Filed under Business, Communication, Culture, Language

Chinese Teacher Experiences Culture Shock…in Alabama

I saw this little item on a regional news website (first four paragraphs):

Chinese teacher has culture shock at Elberta school

ELBERTA, Ala. (AP) – A small school in south Baldwin County has become the only one in Alabama and the first Catholic elementary school in the country to be chosen for a guest teacher program designed to teach students Chinese.

The program at St. Benedict Catholic School brings in a guest Chinese teacher and is co-sponsored by the College Board and Hanban, China’s Office of Chinese Language Council International.

St. Benedict, which has 158 students in pre-kindergarten through eight grade, decided to add Chinese to its foreign language curriculum, augmenting a Spanish program that launched a few years ago.

The article goes on to describe the culture shock felt by the Chinese teacher, a Shanghai native.

While I feel for this fellow, who is indubitably confused as all hell, I have to appreciate the humor of this situation. There is nothing in this world that will fully prepare a Shanghai native for life in any village, town, or city in the United States. By the same token, there is nothing in this world that will fully prepare an American for life in most parts of Asia.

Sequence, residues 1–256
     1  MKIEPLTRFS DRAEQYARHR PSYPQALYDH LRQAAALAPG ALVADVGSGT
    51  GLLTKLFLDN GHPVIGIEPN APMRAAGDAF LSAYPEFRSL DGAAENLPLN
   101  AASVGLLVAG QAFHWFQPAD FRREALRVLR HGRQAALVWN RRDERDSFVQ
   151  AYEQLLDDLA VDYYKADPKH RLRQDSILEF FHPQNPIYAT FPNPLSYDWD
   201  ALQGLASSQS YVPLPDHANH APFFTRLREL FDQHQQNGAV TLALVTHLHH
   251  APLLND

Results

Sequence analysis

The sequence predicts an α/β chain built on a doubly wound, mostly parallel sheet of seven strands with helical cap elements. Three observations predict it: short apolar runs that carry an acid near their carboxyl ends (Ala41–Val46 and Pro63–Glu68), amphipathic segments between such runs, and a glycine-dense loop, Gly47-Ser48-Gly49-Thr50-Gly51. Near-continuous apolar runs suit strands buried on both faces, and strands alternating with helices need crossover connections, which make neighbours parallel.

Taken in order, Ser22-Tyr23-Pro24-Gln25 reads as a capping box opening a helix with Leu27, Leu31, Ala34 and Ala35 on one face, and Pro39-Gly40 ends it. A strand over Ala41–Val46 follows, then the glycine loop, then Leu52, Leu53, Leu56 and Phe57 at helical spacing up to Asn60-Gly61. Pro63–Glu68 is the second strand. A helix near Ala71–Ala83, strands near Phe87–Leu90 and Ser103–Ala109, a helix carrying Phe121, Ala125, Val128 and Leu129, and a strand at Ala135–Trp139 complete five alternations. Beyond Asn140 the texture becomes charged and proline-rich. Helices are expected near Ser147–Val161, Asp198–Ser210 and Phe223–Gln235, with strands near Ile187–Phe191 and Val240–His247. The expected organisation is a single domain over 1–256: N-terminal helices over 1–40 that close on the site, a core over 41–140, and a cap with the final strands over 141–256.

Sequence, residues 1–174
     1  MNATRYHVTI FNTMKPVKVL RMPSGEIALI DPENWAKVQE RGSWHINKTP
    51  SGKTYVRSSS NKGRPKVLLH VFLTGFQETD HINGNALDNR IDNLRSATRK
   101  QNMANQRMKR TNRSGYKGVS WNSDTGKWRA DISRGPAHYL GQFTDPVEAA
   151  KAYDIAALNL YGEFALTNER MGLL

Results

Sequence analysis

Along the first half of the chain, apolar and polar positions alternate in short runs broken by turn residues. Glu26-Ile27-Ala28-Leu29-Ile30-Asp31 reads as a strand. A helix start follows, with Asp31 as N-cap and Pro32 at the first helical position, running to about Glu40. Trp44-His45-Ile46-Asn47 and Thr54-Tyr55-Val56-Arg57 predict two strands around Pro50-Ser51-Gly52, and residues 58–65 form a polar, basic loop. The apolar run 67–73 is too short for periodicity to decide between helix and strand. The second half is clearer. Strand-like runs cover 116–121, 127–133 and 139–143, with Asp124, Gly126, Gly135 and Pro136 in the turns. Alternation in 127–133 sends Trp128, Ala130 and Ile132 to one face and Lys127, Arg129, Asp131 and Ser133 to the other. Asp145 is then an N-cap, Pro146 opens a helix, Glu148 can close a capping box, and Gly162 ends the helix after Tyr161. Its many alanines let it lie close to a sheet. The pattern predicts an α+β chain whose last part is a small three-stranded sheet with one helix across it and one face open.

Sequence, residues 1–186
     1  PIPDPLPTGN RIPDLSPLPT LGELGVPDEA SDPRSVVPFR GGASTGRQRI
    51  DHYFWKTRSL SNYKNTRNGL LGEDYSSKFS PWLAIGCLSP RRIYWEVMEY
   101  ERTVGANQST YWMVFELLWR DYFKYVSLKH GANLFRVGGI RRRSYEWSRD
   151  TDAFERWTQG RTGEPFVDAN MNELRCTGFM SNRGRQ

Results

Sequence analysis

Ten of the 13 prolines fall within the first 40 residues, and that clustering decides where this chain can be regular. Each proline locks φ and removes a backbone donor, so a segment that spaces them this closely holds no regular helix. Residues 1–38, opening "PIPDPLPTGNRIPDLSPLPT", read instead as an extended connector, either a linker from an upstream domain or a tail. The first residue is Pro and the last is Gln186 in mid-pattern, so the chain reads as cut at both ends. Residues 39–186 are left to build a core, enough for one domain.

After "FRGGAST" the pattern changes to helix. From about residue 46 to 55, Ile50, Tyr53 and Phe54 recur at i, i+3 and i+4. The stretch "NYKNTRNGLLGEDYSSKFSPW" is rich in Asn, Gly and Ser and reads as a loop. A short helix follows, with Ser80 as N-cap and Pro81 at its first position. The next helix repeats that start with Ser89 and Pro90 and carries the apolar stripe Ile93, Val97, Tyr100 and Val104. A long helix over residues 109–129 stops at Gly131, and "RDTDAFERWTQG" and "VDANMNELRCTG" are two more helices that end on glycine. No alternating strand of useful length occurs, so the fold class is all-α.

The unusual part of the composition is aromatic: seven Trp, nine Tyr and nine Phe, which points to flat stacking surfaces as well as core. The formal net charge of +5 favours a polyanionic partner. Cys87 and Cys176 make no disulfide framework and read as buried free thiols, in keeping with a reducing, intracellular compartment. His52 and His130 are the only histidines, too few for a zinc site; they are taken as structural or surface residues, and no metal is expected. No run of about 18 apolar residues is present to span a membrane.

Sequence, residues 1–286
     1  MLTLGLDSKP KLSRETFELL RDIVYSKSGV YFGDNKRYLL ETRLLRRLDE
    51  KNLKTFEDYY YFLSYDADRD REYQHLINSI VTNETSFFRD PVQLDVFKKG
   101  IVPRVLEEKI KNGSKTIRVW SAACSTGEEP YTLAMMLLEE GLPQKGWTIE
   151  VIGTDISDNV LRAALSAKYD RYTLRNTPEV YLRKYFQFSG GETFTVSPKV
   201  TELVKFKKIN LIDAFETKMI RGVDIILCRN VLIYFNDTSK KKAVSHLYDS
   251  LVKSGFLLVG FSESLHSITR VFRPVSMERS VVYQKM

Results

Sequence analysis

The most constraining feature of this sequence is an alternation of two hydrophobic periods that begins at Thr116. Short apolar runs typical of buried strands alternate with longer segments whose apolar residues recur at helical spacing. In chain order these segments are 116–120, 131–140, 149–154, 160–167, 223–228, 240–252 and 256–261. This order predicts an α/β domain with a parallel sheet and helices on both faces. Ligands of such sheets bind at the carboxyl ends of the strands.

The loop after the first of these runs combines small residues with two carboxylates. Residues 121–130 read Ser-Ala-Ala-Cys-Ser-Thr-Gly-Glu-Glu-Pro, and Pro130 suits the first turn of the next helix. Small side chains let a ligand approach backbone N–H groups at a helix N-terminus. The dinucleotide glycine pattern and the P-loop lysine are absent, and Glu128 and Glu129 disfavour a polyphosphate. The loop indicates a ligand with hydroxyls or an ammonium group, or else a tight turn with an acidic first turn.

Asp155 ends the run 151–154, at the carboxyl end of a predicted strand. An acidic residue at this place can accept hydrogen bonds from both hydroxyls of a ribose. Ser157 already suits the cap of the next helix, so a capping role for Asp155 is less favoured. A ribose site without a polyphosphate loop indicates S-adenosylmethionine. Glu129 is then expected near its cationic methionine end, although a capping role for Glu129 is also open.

I wonder what, if any, sort of training the Chinese teacher had before he left for small town USA. I wonder what sort of training, if any, the school had in hosting a visiting Chinese teacher. Probably none.

What’s the problem, you may ask? What exactly are the differences between Chinese and American culture?

Start with this idea:


Nothing is the same. Food, style of dress, communication styles, value systems, religious beliefs, political environments…the list of differences is endless. Which is why, of course, I live in greater China. Still, even those of us who have sense of the differentness between the cultures of East and West are sometimes frustrated by the cultural differences we encounter.